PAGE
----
Hotel stocks have rallied recently after fears of a severe slowdown in the upscale part of the sector led to a selloff in July.
Recent earnings calls from hotel management teams have painted a different picture of the lodging environment, perhaps signaling that investor fears of a widespread slowdown might be overdone.
On the company's earnings call Tuesday,
executives said demand remains strong at the company's hotels. They also stressed that the lack of new supply continues to benefit the sector.
"I've been in this business a long time, as all of us have, and the times when you really get worried about economic fundamentals is when there is obvious oversupply, and we have lived through times where there is oversupply and continued construction. And there is nothing like that going. So we are sanguine," Hilton CEO Steve Bollenbach told investors on the call.
He implied that markets like New York and Hawaii will continue to see strong results for some time since new supply is low and new entitlements can take years to be approved. As well, a number of hotels left the market and were converted to residential use, he said.
"We are in such favorable shape there that I think even with the various upsets in the market, the rising interest rates, the fear of inflation, I just don't think that that is going to have a big impact on us going forward," Bollenbach added.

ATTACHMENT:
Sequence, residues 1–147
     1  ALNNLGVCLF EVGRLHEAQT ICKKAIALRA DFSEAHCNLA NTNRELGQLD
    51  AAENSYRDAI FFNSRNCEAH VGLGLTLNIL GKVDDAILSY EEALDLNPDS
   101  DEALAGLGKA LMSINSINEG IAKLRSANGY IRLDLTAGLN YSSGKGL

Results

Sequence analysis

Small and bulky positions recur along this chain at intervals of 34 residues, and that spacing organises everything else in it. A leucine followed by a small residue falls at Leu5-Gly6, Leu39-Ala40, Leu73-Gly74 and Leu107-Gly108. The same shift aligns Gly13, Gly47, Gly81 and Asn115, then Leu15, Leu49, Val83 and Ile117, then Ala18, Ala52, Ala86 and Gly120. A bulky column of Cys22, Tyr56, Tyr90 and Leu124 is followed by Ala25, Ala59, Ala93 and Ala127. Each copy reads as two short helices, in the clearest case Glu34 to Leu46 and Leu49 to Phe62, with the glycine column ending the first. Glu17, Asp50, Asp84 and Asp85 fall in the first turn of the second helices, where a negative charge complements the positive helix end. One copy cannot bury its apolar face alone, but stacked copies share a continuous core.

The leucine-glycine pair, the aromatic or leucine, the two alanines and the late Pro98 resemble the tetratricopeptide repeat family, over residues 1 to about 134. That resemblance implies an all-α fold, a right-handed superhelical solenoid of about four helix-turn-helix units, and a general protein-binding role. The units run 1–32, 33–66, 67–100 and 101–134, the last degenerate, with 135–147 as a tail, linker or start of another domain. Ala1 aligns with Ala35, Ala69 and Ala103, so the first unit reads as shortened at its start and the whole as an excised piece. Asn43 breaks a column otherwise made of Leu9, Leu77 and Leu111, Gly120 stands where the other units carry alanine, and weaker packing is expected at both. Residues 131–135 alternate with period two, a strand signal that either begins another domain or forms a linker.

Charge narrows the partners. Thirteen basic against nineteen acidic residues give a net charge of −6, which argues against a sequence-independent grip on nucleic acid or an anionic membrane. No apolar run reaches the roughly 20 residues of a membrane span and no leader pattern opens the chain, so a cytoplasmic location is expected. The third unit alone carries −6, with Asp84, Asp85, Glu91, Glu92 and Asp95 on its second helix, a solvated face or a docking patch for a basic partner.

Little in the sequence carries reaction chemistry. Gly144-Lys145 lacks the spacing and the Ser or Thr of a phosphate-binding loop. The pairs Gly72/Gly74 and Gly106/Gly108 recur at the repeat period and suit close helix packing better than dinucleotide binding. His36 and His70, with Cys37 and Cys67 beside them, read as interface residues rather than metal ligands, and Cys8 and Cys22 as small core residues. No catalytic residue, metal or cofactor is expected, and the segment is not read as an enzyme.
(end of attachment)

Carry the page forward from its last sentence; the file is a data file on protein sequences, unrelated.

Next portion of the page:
The company said it hasn't seen any weakness coming through its distribution channels and said reservation activity continues to be strong. Hilton said it had a record week in the third week in July, with reservations up 18% from the prior year.
Last week, Starwood executives said they also continue to
see strong bookings, but the stock dropped 5% after it reported earnings that day. The stock has since rallied back a bit, and was up 1.5% to $53.80 Wednesday.
Hilton shares were up 2.2% to $24.70 Wednesday.
( FS), which reports earnings next week, rose 4.5% to $55.97.
"The lodging cycle remains in solid shape and remains insulated from some of the broader consumer fears plaguing the market," Susquehanna Financial analyst Robert LaFleur said in a recent research note. "Supply, demand, and pricing trends all remain positive, and should remain so for several years."
The only upscale hotel owner that has admitted some weakness of late is
LaSalle Hotel Properties
, which cited softness in leisure demand in June.
Investors will get more news on the sector when
Sunstone Hotel Investors
reports earnings after the market close Wednesday.
The bear case for the sector says high oil prices, rising interest rates and a tapped-out consumer significantly increase the risk of a material economic slowdown, LaFleur says.
"If the slowdown is severe enough, the second derivative impact on corporate profits will overwhelm the positive trends in corporate capital spending we expect over the next few years, and the earnings estimates in our lodging universe will prove to be too high and the multiples will have to come down in order to sufficiently reflect the risks," LaFleur says.